Company executives worked out of office space at the 650 Main St. bottling plant. While they did add on to the building a few times, the small site adjacent to residential homes eventually limited expansion possibilities. When city manager Bernal Allen began courting companies to move to the newly-created Western Avenue industrial area of South Portland, Coca-Cola Bottling Plants was a top candidate.

In 1966, the company announced its plans to build a 42,000-square-foot bottling plant there. Construction was completed in 1967. While the bottling operation moved to Western Avenue, the company maintained its corporate offices and some warehousing in the building on Main Street for many years. Toward the end of 1967, Turner Jones was succeeded as president and CEO by his son, Turner Jones, Jr. The father stayed on as chairman of the board of directors.

An advertisement for an open house at the new Coca-Cola bottling plant that appeared in the Portland Evening Express. Courtesy image

During the years when Turner Jones, Jr., was at the helm, the company went through a series of mergers; seven Coca-Cola bottlers in Maine, New Hampshire and Vermont merged their operations, along with three bottlers in Mexico. This was a time of transition for all Coca-Cola bottlers, as the industry was changing. With the growth of larger retail corporations, doing business on a national and international scale, the bottlers needed to scale up their operations to be able to serve these larger accounts.

Some of the early and longtime executives of The Coca-Cola Bottling Plants, Inc. include:

– Turner Jones, president – first began working for the Coca-Cola Company in Atlanta in 1923. He was the senior VP in charge of world sales and advertising for Coca-Cola in 1937, when he resigned to found his own company.


– Paul G. Roberts, executive VP and treasurer – Roberts had also formerly worked for the Coca-Cola Company in Atlanta; he came to work in South Portland in 1937. He would later move to Hartford, Connecticut, where he became the president and CEO of Coca-Cola Bottling Co. of Southern New England.

– Norman L. Fogg, secretary and treasurer – Fogg joined the company in 1940. He was instrumental in the mergers of a number of Coca-Cola bottlers over the years, including the merger of our South Portland company with Coca-Cola Bottling Co. of New York in 1978. Fogg retired in 1980.

The installation of a 37-foot-long automatic bottle washer in the Western Avenue bottling plant was announced in the Portland Evening Express on July 1, 1967. Courtesy image

– Turner Jones, Jr. – the son of the founder, Turner Jr. joined the company in 1948, working in all areas of production. He served as the plant manager in Auburn, Bangor and South Portland. He succeeded his father as president in 1967.

– Irving Wallace, plant manager – a Marine Corps and World War II veteran, Irv Wallace joined the company in 1952, serving in various capacities – office manager, route manager, sales supervisor, and plant manager. He was named the company’s vice president in 1968. When he retired in 1987, he was the executive VP and general manager of the company.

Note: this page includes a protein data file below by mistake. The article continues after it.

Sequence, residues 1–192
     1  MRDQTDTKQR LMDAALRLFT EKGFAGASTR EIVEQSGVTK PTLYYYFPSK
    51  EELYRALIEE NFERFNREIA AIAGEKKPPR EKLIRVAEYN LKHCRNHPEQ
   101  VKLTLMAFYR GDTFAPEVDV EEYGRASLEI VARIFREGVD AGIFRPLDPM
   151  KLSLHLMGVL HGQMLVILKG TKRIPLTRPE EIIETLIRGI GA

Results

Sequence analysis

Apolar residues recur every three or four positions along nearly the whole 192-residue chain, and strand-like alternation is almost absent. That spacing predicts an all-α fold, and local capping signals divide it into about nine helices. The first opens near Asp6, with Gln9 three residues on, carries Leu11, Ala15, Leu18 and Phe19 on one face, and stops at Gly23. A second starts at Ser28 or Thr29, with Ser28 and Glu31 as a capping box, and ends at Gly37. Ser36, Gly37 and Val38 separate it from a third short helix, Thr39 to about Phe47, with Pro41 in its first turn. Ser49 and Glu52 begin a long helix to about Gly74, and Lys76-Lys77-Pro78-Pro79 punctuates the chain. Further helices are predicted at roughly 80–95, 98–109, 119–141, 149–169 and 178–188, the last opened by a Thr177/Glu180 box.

In 1978, Coca-Cola Bottling Plants was acquired by the Coca-Cola Bottling Co. of New York. The following year, Turner Jones died and Turner Jones, Jr., who had stayed on to help with the transition, retired.

Our company in South Portland was owned by the larger New York company until 1986. In August, 1986, Charles E.F. Millard (the former 19-year chairman and CEO of the New York bottler) and a group of investors acquired the (then known as) Coca-Cola Bottling Co. of New England (based in South Portland) through a leveraged buyout.

In 1988, KW, Inc., a subsidiary of Kirin Brewery Co. of Japan, which had already been acquiring other bottling companies in New Hampshire and Massachusetts, acquired the South Portland-based company from Millard and his investment group, merging the operations into its own. The resulting larger company was now known as Coca-Cola Bottling Company of Northern New England. The company changed its name again in 2019 to Coca-Cola Beverages Northeast.

South Portland Historical Society photo

South Portland Historical Society offers a free Online Museum with nearly 17,000 images available for viewing with a keyword search. You can find it at and, if you appreciate what we do, feel free to make a donation by using the donation button on the home page. If you have photographs or other information to share about South Portland’s past, we hope you will reach out to us. South Portland Historical Society can be reached at 207-767-7299, by email at, or by mail at 55 Bug Light Park, South Portland, ME 04106.

Kathryn Onos DiPhilippo is executive director of the South Portland Historical Society. She can be reached at

Comments are not available on this story.